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Decades of drumming

Elvin Jones, once named the world's greatest drummer by Time magazine, probably still deserves the title, particularly in the category of jazz, elder-statesman division.

Jones, a humble, serious man, seems flattered by critical kudos going back to his work in Detroit with an older brother, late trumpeter Thad, and such notables as saxophonist Charlie Parker and trumpeter Miles Davis. But the attention doesn't distract him from the music.

"This is what I love to do," he says by telephone from his office in New York City. "I enjoy playing. I love to play the drums. This music, to me, is ideal if you want a chance to expand, to implement ideas that you've had and come up with new ideas. Jazz is the perfect vehicle for that. For whoever is serious enough about their music, it's perfect for them. It's an attitude. It's mental, more than anything else, because there's certainly not a lot of money involved."

There's little doubt that Jones, 74, headed to Tampa Theatre on Sunday with a group including saxophonist Pat LaBarbera and trombonist Delfeayo Marsalis, helped revolutionize the playing of the trap kit. He made his mark on music in a big way during his stint with saxophonist John Coltrane's classic quartet, a group that also featured pianist McCoy Tyner and bassist Jimmy Garrison.

That band, regarded as one of the most important ensembles in jazz history, stayed together for four years ending in 1965, recording A Love Supreme, Live at Birdland and other landmark albums. Jones, with his powerful, propulsive, perpetually inventive drumming, acted as a foil for the "sheets of sound" produced by Coltrane.

Leonard Feather, the late jazz critic, referred to Jones' work as "a circle of sound, a continuum in which no beat of the bar was necessarily indicated by any specific accent, yet the overall feeling became a dynamic and rhythmically important part of the whole group."

Jones, again, isn't particularly inclined to take credit where it's due.

"It just evolved, in a way," he says. "I didn't always play like that. It took such a long time for me to be able to do that, and to have enough control over my instrument to dynamically match what the rest of the group was doing."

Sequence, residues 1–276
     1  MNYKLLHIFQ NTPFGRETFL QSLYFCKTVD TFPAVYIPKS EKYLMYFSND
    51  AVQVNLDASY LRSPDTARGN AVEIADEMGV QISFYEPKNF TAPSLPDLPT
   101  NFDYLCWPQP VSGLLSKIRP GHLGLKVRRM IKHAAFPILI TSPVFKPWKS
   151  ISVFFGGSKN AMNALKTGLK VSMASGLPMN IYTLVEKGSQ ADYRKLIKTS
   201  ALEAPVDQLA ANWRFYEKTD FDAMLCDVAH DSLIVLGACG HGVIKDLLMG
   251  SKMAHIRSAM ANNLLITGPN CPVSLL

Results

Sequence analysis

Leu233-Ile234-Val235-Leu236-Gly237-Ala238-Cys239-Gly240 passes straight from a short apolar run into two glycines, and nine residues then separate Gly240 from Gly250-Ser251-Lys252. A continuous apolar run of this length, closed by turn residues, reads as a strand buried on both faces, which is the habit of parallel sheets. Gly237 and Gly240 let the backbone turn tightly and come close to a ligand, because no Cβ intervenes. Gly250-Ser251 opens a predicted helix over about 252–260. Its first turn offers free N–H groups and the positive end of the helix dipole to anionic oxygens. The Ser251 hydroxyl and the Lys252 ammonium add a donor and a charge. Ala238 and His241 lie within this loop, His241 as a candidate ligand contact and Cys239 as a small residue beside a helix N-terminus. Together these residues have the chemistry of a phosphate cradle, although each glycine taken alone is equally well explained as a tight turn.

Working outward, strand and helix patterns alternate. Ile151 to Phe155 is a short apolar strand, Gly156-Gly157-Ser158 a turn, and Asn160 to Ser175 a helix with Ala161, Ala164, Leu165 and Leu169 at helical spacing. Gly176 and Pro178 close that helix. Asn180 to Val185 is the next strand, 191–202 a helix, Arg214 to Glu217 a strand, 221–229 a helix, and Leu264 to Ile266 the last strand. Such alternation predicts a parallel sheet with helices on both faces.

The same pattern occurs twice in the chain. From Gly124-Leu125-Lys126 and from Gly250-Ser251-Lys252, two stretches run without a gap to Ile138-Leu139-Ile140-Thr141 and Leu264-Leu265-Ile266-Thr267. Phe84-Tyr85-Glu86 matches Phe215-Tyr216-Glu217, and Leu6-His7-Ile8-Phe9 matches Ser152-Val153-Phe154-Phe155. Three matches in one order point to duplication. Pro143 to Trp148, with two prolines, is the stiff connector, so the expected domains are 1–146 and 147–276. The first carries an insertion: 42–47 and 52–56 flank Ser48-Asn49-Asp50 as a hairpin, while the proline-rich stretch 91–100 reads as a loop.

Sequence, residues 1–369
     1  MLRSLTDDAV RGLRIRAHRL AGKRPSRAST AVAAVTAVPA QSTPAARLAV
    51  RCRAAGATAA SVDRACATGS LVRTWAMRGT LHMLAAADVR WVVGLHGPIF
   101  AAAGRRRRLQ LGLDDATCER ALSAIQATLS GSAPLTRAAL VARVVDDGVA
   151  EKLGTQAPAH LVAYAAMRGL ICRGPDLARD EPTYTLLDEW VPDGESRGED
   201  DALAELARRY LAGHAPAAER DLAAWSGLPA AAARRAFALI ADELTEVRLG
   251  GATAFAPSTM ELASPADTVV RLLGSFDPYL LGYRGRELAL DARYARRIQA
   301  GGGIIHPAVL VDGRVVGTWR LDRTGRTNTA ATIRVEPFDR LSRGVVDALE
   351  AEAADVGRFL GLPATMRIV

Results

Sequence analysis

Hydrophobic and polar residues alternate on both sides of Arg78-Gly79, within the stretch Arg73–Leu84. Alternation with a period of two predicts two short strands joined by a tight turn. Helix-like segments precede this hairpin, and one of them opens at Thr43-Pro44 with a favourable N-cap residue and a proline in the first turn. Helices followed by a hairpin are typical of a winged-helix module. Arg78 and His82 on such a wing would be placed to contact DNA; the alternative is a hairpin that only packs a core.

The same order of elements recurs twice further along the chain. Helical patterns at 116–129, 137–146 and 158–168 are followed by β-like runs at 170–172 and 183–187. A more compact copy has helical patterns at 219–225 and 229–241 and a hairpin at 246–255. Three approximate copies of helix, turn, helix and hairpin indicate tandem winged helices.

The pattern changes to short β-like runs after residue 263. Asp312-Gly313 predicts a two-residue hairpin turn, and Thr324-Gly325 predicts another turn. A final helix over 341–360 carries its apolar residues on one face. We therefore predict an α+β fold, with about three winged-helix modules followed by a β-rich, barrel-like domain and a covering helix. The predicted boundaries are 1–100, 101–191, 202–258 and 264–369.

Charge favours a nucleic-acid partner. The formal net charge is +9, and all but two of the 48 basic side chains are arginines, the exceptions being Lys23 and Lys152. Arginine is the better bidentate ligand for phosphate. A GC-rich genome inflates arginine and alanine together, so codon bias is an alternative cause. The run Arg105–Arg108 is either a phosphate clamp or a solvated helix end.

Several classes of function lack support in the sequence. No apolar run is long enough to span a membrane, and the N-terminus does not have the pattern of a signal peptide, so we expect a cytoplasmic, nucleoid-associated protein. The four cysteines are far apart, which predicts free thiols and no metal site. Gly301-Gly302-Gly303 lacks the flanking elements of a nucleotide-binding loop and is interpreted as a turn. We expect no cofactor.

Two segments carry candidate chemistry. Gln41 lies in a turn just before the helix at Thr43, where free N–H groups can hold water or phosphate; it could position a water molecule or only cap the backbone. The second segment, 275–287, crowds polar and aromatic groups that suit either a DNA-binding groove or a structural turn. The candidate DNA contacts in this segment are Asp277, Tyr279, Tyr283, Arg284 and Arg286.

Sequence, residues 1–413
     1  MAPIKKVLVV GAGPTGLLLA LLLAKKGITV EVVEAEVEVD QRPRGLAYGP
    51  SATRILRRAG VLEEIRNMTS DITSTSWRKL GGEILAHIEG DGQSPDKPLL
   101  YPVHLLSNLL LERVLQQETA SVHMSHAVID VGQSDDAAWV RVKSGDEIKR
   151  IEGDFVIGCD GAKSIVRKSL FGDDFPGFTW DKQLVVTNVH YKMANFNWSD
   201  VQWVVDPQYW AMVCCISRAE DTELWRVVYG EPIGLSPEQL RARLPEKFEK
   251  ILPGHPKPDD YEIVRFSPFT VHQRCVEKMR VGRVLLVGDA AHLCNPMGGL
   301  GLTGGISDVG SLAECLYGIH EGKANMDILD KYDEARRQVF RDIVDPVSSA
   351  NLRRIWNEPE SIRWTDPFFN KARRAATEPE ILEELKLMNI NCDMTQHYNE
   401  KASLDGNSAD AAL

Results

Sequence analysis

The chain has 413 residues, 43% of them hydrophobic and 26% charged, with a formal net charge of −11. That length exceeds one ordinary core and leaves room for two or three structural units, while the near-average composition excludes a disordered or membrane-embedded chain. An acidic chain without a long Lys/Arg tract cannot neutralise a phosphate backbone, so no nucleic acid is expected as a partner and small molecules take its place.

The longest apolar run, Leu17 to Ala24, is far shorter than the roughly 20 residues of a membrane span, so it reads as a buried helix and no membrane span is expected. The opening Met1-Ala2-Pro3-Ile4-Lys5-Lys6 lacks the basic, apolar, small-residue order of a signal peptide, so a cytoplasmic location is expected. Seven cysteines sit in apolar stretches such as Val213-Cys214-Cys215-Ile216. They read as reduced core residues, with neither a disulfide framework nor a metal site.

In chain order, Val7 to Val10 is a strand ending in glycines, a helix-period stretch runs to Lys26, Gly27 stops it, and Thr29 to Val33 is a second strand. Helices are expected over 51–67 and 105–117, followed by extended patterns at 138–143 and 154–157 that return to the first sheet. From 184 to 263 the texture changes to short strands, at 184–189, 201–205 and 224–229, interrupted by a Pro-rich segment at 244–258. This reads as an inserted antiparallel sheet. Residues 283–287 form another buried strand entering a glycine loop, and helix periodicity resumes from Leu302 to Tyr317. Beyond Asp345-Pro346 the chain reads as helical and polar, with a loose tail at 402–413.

Jones, younger brother of Thad and pianist Hank Jones, began banging on the drums at 2, and by the time he was a teenager he was practicing eight to 10 hours a day. Later, while serving in the Army Air Corps, he listened to the big bands of Benny Goodman, Woody Herman and Duke Ellington and tuned in to the playing of drummers Max Roach, Kenny Clarke and Sid Catlett.

Indeed, Roach and Roy Haynes are the drummers that some critics today say are Jones' equal among jazz drummers.

Jones was fascinated by Catlett's introduction to Dizzy Gillespie's Salt Peanuts. Says Jones: "Sid Catlett did it with brushes, an eight-bar introduction. I thought there was absolutely nothing in the world that could sound that good. He became one of my major heroes."

Jones, who also played in bands led by bassist Charles Mingus, pianist Bud Powell, trombonist J.J. Johnson and, famously, saxophonist Sonny Rollins, in turn became an icon to thousands of younger drummers, largely as a result of the body of work he recorded with the late Coltrane.

"It was very spiritual, and emotional, and intellectual," he says of his stint with Coltrane. "It was all of those things. He was such a spiritual man. I guess if he had lived in India, they'd call him a guru. We all gravitated to that.

"And the rapport was there. When you've got that, you really don't need to have an awful lot (else). That sort of covers everything. That completes all the ingredients that are necessary to have a close-knit group. When the rapport was as strong as it was with us, it's exceptional. It's like a blessing from God."

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